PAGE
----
I quickly came to realize that trying to replicate the highly structured and completely unnatural environment of the NICU was not going to work for us at home. Trying to figure out why they were hungry again so soon after being fed was an exercise in futility. The pumping/feeding/try to nurse routine became a burden to me almost immediately. I began to feel resentful and stressed on top of being insanely sleep-deprived. So I did it. We started feeding on demand, and my boys seemed happier, in their seven-week-old way.

After I stopped struggling to keep my fussy, colicky twins on a crazy, adult-centric schedule, things got better. I breathed easier and felt better. This was also the time I began to cut back on pumping and I just fed them from my breast. For once the hormones were on my side! I like nursing. It makes me feel good. I was still bone-tired and prone to weeping, but I no longer found myself resenting my babies. We had become a team.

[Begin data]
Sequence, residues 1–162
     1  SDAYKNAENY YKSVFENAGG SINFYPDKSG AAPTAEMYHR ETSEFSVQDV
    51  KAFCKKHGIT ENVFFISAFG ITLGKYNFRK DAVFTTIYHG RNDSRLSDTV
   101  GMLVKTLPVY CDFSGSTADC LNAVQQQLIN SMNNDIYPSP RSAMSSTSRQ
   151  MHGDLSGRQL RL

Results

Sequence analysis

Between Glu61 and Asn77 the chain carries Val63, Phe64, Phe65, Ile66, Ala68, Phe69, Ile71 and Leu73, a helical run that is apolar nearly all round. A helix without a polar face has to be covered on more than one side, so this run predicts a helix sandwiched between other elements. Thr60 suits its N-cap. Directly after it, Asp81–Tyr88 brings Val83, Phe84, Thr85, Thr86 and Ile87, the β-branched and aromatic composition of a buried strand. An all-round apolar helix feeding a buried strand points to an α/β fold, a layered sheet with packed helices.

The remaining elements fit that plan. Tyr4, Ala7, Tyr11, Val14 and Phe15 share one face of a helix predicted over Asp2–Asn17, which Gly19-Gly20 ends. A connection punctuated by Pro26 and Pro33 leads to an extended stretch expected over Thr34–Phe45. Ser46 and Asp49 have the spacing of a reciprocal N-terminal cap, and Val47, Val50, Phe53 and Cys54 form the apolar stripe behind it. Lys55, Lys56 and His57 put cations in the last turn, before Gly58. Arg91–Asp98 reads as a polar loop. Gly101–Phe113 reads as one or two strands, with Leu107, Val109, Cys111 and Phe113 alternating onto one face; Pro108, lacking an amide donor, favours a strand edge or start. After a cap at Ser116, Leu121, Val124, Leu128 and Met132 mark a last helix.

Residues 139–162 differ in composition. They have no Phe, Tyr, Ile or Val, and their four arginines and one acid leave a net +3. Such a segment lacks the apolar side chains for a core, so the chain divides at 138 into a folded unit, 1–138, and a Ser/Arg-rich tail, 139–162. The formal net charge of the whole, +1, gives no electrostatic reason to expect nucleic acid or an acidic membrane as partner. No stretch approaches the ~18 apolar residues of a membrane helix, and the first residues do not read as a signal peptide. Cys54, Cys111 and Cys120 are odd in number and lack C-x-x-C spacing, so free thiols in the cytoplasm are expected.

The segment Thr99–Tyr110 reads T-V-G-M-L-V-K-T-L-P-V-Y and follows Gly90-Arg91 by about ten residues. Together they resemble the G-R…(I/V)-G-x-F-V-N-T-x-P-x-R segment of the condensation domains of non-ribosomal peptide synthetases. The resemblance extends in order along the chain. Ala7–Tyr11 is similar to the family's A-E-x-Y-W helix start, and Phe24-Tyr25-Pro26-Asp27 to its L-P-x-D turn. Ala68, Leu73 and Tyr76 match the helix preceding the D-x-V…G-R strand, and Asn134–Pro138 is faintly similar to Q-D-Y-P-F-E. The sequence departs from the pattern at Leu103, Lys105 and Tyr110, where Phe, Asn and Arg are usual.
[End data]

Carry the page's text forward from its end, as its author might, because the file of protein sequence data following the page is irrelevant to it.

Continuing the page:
My choices as a parent—to do what was best for my babies—helped set the framework for success as a parent. Now that Gus and Jack are 11 months old, I still feed on demand. When they’re hungry, they either nurse or have a snack if it’s not mealtime. There is no stress, no struggle (yet, I understand the toddler years can transform babies into picky eaters!). I don’t have to spend any energy saying “No.” I can spend all my resources on maintaining the safe, secure attachment the boys have with me. It’s excellent.

Share sleep.